Many weeks ago my mother asked if I would write something about Brexit. “No, I don’t write about things like that,” I responded. Oh dearie, dear. I have done little but write about Brexit in the last week. Perhaps not Brexit exactly, but the aftermath of. The madness that has descended on my beloved city of London and indeed on the entire UK. It is as though everyone has been given permission to release their inner demon. As if, for all you Seinfeld fans, there was a collective decision in favour of the Festivus tradition of Airing of Grievances. Publically. The sudden spike in racist behaviour, against, but certainly not limited to, the Poles. The Poles? Seriously? They have been an integral part of British society, London society since the 1940s. But the ugliness has not been limited to one side only. This is a proper free for all. The vitriol aimed at the elderly in my lovely local post office earlier in the week was shocking, not least because there were several pensioners in the queue. The ferocity of the anger expressed made me very glad I have no beloved granny living alone in this country, at the moment. And then there are the calls to limit voting rights to those with acceptable GCSE results. I love the clip of Eddie calling for a Stupid People Tax. But Ab Fab is comedy television. It isn’t real. My friend Mark, who appears to have taken a leave of absence from life to promote Remain on social media, was verbally attacked in the Tube 2 days ago by a stranger, accusing him of looking like someone who would have voted Out. Mark fights with longswords in his free time. Not necessarily the man I would choose to randomly attack on public transport, but then all sense is gone. A close friend voted Leave, having thoughtfully weighed the options. Her own mother is no longer speaking with her. There was an altercation between neighbours on my street, not over parking or noise, but the vote. And then there is the government. Which is falling apart. In every way. It is Madness out here.


I can do nothing but hold onto the words of the Culture minister Ed Vaizey who called for the arts to help heal the post-Brexit wounds. “In times of uncertainty and division it’s the arts that bring us together,” said Mr Vaizey. “London 2012 united the nation and the world looked on in awe of our creativity, courage and character. Now is the time to come together once more.”

DSC_0111Oh, I do hope this is true! And so it was with delight I realized I had been invited to Linklater’s RA Summer Show evening, on Monday night. “This will be the perfect cure for troubled souls,” so I thought. The evening was gorgeous. Lawyers certainly can manage details! The semi-circles of beautiful young men holding trays of drinks as you entered the Central Hall. The exquisite food served with such abundance there was no suggestion of having to wait between nibbles. And the art. Oh the Art. The famous and the unknown and the awe-inspiring and the bewildering and the covetousness I don’t even try to hide. “I will immerse myself in art and temporarily forget about the world,” I told myself. But alas, the event was popular. The rooms were crowded. And everywhere I went all I could hear was talk of Brexit. How the world is ending. Might have already ended. There was no escape. I admit a DSC_0110 (2)good part of me thought, “well if it all coming to an end, I might as well go out with a bang and buy that Boyle Family piece….”. Fortunately for the family finances I am still an optimist.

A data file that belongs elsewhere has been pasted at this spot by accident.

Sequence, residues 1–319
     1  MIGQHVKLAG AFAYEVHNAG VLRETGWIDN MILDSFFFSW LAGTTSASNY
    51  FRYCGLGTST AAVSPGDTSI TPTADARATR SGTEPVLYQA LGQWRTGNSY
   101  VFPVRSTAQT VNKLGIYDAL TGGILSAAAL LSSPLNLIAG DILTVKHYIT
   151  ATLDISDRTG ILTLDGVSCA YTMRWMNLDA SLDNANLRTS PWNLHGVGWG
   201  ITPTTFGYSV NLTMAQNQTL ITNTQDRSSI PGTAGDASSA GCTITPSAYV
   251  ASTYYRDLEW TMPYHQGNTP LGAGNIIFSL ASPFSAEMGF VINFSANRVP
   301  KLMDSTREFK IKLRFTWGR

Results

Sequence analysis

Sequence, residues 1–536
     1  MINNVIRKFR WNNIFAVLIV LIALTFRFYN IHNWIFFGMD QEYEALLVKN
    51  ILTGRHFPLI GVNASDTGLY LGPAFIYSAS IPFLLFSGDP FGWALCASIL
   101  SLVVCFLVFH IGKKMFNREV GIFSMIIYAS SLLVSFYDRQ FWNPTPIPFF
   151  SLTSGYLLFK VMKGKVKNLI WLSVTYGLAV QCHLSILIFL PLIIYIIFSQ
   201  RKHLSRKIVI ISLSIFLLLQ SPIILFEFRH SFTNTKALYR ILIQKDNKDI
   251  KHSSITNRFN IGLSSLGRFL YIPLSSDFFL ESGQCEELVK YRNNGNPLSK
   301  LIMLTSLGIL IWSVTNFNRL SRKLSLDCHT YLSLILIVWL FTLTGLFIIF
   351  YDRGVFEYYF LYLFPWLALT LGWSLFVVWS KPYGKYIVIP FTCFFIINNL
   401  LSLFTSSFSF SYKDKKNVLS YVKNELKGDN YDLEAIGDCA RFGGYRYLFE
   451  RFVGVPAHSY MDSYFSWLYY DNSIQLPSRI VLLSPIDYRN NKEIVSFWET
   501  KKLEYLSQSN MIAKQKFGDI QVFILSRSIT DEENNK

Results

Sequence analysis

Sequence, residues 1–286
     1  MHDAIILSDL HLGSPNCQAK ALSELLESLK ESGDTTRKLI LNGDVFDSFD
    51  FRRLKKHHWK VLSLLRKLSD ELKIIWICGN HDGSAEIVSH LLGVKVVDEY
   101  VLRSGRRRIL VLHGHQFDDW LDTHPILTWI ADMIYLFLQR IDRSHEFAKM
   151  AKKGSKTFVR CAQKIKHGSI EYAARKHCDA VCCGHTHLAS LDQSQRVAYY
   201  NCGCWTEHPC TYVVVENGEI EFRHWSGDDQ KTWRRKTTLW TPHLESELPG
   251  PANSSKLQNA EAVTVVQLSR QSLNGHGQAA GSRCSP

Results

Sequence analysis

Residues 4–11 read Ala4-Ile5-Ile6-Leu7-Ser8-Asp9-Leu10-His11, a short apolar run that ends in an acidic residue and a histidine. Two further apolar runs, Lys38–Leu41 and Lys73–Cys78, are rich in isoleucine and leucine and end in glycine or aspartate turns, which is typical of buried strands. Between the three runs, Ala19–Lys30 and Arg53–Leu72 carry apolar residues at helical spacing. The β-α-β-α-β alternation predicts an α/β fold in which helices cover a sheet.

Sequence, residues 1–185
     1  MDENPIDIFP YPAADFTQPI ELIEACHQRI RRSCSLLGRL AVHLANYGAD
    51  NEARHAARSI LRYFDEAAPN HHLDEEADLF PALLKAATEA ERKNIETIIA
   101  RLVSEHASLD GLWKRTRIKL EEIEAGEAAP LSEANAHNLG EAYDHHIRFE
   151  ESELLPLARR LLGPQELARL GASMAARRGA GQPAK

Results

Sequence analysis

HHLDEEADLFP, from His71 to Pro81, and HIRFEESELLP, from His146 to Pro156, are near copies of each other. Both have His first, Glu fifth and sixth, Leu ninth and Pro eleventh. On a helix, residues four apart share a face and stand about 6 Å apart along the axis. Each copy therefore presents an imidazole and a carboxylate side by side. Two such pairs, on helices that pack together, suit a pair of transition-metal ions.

And I am optimistic that art can, if not save us all from ourselves, at least distract us enough to allow tempers to cool. Little could the organizers have known, when they started putting Art Night with ICA together, the idea taken from a similar event held in Paris, of the importance, for me anyway, of the night. A one night summer festival in the West End with opportunities to stop into both iconic and never-before-noticed buildings and spaces and see art. In all its many forms. Yes please, a short break from Chicken Little and mob rule. And on that front it delivered. Bland, pastel coloured copies of L’Origine de Monde on enormous scale hung in an about-to-be renovated building on The Strand. Further along The Strand we waited for quite a while to be let into what turned out to be a suite of rooms that looked like every Sofitel I have even stayed in.  Some girls were doing yoga in the bedroom. My family would have been impressed by how the towels were folded on the toilet in the bathroom. A real dog was on the rug in the living room. Most bizarrely, we were all speaking in hushed tones, as if in a sacred space, instead of some homage to 3 star living.


Tai Chi in the courtyard of Somerset House. I have done Yoga in several beautiful places, including Tower Bridge. Not sure it could be considered performance art, however. At St. Mary le Strand I was much more interested in what the young art students were working on than the film theyDSC_0149 (2) were tending, which was little more than a list of films someone called Jennifer West likes. Rather like those Facebook round robins. We couldn’t find the abandoned Jubilee Station, though we walked round and round in the rain. Two Temple Place is such a beautiful building that none of the exhibitions I have seen there can compete with the venue itself. That staircase!